It can be seen from the above section that the statute intends to allow set off in respect of brought forward tax credit (MAT credit) and it has to be allowed to the extent of the difference between the tax on its total income and the tax which would have been payable under the provisions of sub-s. (1) of s. 115JA. It may be seen that in this section the legislature has used the word ‘tax’ and not ‘tax and interest under ss. 234B and 234C of the Act’.
In such circumstances it is to be inferred that the intention of the legislature is to allow set off of the MAT credit from the ‘tax’ and not from the total amount including ‘tax and interest’.
Had it been the intention of the legislature it would have been specifically stated in the section itself. By exercising the delegated authority, the CBDT has framed the forms for filing the returns of income for the companies and while framing Form No. 1, the delegated authority, namely, the CBDT, has included Sch. G (statement of tax) to Form No. 1. While drafting this Schedule the Board has given the order of preference of adjustment of TDS, advance tax and tax credit under s. 115JAA. While doing so the Board has first prescribed charging of interest under ss. 234A and 234B and then has prescribed to give credit for MAT credit available under s. 115JAA of the Act.
In our considered view this method of prescribing the order of priority of adjustment of TDS, advance tax and MAT credit is totally against the intention of the legislature because the legislature by insertion of sub-s. (5) to s. 115JAA has intended to give set off of MAT credit against the difference between the tax on total income of the assessee and the tax which would have been payable under the provisions of sub-s. (1) of s. 115JA, and not on the total amount of tax and interest under ss. 234B and 234C as understood by the rule-making authority.
Hence in our considered opinion, Sch. G to Form No. 1 is totally against the intention of the legislature which has been clearly prescribed in s. 115JAA.
Decision of Madras High Court
While deciding the departmental appeal against the Judgment of ITAT, honorable High Court of Madras held that:
In the present case, the intention of the legislature is to give tax credit to tax and not to the tax and interest. Once the intention is clear, the revenue cannot rely on the Form-I to say that the MAT credit under Section 115JAA should be given only after tax and interest. Further we have answered the first question of law in favour of the assessee i.e. the MAT credit under Section 115JAA should be given effect to before charging the interest under Section 234B and 234C. Rule 12(1)(a) and Form-I cannot go beyond the provisions of the Act. Form-I cannot lay down the order of priority of adjustment of TDS, advance Tax, MAT credit under Section 115JAA which is contrary to the provisions of the Act. The order passed by the Tribunal is in accordance with law and we do not find any error or illegality in the order of the Tribunal so as to warrant interference.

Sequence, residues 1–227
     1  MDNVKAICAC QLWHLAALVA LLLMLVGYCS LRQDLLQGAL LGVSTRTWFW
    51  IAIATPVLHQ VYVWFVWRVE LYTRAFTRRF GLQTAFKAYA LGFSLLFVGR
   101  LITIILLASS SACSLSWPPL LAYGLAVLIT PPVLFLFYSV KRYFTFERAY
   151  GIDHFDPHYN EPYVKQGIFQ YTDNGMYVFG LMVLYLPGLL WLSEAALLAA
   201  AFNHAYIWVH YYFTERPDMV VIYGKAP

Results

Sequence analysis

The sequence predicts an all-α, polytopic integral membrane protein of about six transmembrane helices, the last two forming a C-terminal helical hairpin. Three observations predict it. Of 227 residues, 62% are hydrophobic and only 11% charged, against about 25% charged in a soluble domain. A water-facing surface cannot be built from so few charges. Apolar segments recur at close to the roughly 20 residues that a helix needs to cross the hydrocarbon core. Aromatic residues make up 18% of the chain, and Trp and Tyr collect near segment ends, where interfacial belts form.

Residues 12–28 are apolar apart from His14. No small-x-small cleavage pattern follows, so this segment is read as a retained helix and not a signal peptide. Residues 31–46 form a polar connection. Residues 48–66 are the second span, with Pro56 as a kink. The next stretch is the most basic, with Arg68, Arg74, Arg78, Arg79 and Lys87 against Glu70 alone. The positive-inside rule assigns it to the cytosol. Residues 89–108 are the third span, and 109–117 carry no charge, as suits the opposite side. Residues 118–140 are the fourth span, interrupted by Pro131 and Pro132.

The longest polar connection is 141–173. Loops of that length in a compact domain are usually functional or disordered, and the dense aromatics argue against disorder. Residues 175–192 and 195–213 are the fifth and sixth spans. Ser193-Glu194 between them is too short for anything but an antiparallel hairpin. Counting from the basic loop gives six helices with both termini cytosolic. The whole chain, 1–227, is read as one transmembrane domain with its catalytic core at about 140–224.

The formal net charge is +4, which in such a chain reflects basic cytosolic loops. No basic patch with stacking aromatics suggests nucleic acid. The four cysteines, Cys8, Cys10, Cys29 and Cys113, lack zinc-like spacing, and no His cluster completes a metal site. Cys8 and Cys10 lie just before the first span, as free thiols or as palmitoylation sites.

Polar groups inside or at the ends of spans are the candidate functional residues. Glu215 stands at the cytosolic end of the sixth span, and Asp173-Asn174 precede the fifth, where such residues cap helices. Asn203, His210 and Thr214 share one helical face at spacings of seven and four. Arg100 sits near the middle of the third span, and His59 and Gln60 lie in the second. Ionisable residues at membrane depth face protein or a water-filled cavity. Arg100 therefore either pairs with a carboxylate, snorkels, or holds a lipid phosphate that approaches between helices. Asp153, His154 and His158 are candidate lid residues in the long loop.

Similar Decision of Delhi High Court
Honorable High Court of Delhi has also decided the similar matter in favor of assessee in the matter of COMMISSIONER OF INCOME TAX Versus JINDAL EXPORTS LIMITED and others decided by DELHI HIGH COURT.
This discussion leads us to the conclusion that interest under sections 234B and 234C is to be charged after the tax credit (MAT credit) available under section 115JAA is set off against tax payable on the total income of the year in question. This being the position and rival stands taken by the revenue and the respondents as well as the decisions of benches of the Tribunal do indicate that the Tribunal was correct in law in holding that rectification could not be made by the Assessing Officer under Section 154 of the Income Tax Act, 1961 as the issue regarding charging of interest under Section 234-B of the Act without giving set off of MAT credit available to the Assessee was highly debatable. Consequently, we answer both the questions against the revenue and in favour of the respondents / assessees. The appeals are dismissed. The parties are left to bear their own costs.